Glen Weir, CEO at CPC Engineering, discusses the importance of fostering and maintaining key, strategic relationships for mutual success in the industry.
DRIVING PARTNERSHIPS FOR SUCCESS
Trust isn’t something you can buy; it has to come naturally.
According to Glen Weir, CEO at CPC Engineering, time is everything. “It’s all about relationships. If you do have an issue but have a good relationship, then it’s easy to sort out,” he discusses. “The trouble comes if you don’t have a very good relationship then that can lead to a bitter feeling for both parties. A good relationship is only built up over time.”
Weir’s company CPC has developed a reputation as a leading mid-tier provider of engineering design, construction and maintenance services to the mineral resources industry. Its highly skilled and talented team has the experience and expertise to deliver practical solutions, supported by seamless integration of design and project systems to fast-track project delivery. Today, CPC is well-positioned to respond quickly and effectively to project requirements through a well-established network of workshops and design facilities. Over the past 50 years, CPC Engineering has developed and maintained strong relationships with its clients, delivering beyond expectation in an open and honest approach. This simple and consistent style forms the crux for continuous growth and success.
And helping the company to achieve sustained success in the market are its partners. Without key, strategic relationships, a business can fail fast. For Weir, he recognises how vital forming positive connections in the market is but realises that it doesn’t happen overnight. “We have brilliant relationships with our suppliers built through 51 years of mutual trust and operation, but it’s very competitive at the moment as new players are always entering the market,” explains Weir. “Ultimately, you’re only as good as the last job and I’m proud to say that the vast amount of our relationships are strong and built up over a number of years.”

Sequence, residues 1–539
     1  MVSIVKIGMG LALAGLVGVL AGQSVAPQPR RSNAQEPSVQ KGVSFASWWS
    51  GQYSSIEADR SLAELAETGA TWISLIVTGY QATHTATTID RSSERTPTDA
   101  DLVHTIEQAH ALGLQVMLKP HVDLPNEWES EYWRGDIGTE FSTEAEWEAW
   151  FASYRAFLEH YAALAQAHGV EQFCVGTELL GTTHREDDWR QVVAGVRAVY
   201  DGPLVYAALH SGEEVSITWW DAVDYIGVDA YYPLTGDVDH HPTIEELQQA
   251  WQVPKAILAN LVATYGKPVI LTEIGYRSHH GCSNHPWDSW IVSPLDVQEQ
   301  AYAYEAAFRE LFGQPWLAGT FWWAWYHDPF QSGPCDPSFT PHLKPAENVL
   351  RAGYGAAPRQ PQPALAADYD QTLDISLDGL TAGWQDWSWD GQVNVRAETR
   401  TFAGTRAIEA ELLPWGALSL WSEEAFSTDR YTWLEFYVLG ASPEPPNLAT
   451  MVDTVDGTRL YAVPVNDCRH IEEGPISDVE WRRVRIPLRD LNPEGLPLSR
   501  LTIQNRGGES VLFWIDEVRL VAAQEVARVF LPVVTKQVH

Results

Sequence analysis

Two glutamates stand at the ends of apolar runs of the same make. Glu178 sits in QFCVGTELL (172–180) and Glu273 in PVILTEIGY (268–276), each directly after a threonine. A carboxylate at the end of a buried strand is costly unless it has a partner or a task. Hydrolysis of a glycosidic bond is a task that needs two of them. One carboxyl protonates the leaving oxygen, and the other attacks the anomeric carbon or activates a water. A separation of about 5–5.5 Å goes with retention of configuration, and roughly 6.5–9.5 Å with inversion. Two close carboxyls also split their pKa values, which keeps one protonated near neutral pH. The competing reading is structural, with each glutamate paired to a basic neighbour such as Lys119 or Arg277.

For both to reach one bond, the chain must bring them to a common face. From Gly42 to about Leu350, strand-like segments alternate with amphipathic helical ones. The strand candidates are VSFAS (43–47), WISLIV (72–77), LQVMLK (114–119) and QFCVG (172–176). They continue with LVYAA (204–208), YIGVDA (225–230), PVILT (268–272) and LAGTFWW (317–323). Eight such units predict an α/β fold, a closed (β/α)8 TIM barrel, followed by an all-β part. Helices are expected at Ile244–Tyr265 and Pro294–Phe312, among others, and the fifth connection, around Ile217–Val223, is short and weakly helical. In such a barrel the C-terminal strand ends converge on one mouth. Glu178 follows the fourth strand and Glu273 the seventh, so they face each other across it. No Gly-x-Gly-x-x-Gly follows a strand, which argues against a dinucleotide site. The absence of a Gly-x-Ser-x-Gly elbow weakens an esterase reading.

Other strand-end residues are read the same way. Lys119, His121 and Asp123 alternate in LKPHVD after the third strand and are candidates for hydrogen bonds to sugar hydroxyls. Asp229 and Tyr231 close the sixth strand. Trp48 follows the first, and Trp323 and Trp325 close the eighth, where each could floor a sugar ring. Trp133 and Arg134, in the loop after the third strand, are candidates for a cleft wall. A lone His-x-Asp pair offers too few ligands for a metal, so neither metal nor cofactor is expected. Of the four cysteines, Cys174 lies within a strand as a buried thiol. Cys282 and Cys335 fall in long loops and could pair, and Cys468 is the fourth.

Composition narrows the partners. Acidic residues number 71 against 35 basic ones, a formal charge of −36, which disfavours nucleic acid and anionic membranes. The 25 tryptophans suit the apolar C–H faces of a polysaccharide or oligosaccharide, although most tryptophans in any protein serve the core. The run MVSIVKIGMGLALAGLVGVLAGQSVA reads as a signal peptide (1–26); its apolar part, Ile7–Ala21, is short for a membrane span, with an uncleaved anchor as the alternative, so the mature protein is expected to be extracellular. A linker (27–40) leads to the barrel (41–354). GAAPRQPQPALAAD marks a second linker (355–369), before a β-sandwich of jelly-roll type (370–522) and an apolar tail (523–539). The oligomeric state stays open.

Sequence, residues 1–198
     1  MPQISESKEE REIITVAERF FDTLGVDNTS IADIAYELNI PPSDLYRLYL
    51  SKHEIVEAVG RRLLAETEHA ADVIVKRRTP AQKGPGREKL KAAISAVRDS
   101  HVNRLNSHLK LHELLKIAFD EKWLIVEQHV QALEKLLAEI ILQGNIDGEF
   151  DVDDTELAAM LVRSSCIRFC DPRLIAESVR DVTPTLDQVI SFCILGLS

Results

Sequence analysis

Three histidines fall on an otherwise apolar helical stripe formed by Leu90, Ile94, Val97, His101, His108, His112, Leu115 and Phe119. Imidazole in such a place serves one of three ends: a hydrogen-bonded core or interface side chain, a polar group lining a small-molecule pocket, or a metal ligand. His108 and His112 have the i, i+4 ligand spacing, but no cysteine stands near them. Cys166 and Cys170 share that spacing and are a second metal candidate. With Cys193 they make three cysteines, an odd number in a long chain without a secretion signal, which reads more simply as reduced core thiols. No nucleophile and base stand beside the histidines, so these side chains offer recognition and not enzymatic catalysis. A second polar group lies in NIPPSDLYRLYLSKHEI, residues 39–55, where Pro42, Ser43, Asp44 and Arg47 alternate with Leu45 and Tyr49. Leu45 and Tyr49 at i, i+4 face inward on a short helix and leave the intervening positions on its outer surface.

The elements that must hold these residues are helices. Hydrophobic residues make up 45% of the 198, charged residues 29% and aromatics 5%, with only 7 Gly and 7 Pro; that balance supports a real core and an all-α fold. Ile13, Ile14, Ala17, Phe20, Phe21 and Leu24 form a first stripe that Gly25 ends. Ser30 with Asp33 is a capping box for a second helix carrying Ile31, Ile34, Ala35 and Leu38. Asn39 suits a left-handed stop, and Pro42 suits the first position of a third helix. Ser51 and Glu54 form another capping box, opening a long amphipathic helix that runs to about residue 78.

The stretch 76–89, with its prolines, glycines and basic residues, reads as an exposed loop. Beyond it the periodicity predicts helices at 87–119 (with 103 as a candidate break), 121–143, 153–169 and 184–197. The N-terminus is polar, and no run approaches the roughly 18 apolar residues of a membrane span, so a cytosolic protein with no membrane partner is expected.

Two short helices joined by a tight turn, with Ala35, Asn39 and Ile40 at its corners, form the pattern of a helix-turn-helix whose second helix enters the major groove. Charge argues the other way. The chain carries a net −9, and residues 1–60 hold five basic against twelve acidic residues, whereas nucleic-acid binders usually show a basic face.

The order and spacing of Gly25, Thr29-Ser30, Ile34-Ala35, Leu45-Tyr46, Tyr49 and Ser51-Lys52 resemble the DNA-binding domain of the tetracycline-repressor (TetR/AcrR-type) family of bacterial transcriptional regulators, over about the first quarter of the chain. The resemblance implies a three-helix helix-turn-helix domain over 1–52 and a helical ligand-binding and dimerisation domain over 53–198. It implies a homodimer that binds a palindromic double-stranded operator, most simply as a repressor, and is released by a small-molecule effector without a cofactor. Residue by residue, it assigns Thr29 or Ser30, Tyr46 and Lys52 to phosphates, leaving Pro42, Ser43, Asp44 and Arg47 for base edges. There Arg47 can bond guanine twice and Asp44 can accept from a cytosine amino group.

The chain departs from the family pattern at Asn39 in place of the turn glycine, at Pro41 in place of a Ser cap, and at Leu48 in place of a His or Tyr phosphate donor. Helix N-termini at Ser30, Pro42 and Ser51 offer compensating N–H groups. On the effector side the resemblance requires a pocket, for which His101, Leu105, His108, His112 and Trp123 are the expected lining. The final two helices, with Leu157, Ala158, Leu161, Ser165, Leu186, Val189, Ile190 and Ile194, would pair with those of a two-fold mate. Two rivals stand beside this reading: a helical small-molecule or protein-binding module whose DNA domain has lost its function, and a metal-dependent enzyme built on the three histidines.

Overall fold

And Weir has played his part in forming those long-lasting relationships himself. Having first joined the company in 2003, he has overseen the growth of the company first-hand from a small regional workshop to a leading mid-tier provider of engineering, design, construction and maintenance services. In total, he has over 40 years’ experience in the minerals resources sector, covering all aspects from maintenance, design and project management to commissioning and handover of operations.
With such extensive experience under his belt, Weir is an industry expert and believes that mining remains both exciting and challenging in equal measure. “It’s much the same as it was before in that respect,” he discusses. “In Western Australia, iron ore is still doing well, as is gold. While, there has of course been a paradigm shift in terms of green industry. Nickel, cobalt, lithium and graphite are performing well and fortunately, we have a real abundance of these materials in Western Australia.”
However, while Weir acknowledges how important a surge in demand is for minerals, he is well aware of the difficulties his industry faces. “The real challenge we have had is the lack of labour,” he says. “When COVID-19 hit, the borders closed to inter-state and international workers and everyone in Western Australia has experienced a challenge with attracting people. We’re many thousands of people short and all competing in the same labour pool. As soon as the federal and state governments can get the vaccine rollout done and introduce fit for purpose isolation facilities when people come in from overseas then the better off we’ll be.”
“We’ve tried to create a culture where people can make mistakes and to learn from them”Glen Weir, CEO, CPC Engineering